Department of the Environment, Water, Heritage and the Arts, March 2010
With growing production and use of manufactured nanoparticles in a large range of consumer products, regulatory agencies worldwide are addressing the risk that these substances may pose to both the environment and human health. An assessment with respect to ecosystem health requires an ecological risk assessment that must take into account current knowledge about nanomaterial uses, environmental concentrations, fate, and effects, to determine both predicted environmental concentrations (PECs) and predicted no-effect concentrations (PNECs).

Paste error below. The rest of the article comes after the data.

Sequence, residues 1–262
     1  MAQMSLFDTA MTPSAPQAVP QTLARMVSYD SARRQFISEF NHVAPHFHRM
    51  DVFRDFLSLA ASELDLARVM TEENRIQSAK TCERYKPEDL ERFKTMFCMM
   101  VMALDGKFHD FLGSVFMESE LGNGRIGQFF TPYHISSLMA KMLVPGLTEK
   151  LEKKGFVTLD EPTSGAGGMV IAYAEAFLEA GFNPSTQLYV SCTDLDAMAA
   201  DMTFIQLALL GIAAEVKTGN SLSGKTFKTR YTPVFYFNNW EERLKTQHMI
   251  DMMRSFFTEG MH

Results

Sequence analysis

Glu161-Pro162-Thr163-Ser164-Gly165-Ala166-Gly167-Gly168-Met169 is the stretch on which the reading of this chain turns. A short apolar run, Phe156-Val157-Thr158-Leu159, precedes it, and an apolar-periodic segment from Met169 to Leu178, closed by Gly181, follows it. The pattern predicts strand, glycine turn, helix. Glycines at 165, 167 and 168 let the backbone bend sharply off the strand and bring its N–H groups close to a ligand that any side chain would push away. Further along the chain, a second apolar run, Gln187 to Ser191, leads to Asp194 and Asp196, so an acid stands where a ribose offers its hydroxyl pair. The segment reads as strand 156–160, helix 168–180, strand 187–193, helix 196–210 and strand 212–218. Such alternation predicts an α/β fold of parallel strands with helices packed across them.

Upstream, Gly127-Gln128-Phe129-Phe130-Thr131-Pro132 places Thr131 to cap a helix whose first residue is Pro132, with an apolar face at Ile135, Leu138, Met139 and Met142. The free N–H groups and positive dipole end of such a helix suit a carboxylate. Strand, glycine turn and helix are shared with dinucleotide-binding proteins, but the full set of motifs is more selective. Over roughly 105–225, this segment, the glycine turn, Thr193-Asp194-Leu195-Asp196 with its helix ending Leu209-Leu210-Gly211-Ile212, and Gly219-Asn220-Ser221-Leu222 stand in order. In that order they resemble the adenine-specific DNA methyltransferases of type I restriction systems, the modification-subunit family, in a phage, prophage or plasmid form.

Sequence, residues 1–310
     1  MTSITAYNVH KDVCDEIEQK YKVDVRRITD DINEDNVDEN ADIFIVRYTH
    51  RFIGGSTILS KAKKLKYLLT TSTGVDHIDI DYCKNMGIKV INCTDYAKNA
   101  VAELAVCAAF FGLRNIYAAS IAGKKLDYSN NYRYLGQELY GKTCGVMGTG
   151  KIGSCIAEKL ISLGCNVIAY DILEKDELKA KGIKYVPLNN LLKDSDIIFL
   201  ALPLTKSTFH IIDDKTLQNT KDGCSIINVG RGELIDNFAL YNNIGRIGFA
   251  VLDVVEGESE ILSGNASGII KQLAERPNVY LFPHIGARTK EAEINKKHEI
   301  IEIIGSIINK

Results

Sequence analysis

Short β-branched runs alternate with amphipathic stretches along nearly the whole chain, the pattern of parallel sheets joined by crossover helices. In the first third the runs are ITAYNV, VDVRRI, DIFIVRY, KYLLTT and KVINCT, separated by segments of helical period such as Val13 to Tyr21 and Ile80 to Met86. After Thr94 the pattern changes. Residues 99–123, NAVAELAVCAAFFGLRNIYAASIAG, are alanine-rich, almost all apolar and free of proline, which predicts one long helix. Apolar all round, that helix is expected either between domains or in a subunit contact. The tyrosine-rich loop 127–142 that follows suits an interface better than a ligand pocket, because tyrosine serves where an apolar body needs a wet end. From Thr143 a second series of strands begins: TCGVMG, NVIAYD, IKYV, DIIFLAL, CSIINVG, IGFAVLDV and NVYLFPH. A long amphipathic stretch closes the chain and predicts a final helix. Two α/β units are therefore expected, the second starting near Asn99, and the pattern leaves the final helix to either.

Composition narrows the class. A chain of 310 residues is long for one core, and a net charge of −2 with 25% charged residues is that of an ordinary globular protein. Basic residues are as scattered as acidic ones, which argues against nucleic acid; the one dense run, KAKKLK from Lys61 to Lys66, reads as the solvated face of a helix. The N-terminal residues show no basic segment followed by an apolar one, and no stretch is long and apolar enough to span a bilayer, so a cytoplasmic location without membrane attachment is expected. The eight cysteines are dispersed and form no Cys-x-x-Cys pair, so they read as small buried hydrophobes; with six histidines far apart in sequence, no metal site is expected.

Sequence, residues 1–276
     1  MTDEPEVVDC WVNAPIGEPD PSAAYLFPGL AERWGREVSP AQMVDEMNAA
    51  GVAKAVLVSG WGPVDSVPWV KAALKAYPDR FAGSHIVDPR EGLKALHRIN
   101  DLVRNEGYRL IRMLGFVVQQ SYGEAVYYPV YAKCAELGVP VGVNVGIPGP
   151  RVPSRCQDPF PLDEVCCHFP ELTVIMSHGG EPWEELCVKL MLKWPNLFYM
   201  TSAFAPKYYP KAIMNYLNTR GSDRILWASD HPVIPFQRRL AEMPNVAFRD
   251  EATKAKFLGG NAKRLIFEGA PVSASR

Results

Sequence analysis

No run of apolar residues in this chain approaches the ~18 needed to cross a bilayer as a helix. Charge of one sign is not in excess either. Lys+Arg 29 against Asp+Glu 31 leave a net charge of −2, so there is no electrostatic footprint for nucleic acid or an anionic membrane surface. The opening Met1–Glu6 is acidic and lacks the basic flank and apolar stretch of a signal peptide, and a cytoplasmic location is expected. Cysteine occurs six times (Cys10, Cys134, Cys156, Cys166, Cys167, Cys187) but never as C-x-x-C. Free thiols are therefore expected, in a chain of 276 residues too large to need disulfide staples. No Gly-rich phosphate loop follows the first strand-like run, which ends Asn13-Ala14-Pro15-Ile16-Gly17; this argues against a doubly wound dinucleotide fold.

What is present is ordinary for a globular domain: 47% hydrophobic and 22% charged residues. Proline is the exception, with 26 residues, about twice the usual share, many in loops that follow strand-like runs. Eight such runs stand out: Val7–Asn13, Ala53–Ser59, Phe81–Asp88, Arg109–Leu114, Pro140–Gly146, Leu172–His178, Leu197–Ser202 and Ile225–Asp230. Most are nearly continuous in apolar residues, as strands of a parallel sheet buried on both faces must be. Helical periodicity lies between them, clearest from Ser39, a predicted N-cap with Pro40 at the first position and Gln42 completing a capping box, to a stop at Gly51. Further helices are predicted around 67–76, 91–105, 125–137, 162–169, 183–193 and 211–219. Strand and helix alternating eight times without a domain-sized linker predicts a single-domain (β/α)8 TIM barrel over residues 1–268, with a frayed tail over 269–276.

This report reviews the available literature on the fate of manufactured nanomaterials in the aquatic and terrestrial environment. Seven classes of nanomaterials were considered: (i) metal oxides; (ii) carbon products (n-C60 fullerenes, carbon nanotubes); (iii) metals; (iv) quantum dots and semiconductors; (v) nanoclays, (vi) dendrimers, and (vii) nanoemulsions.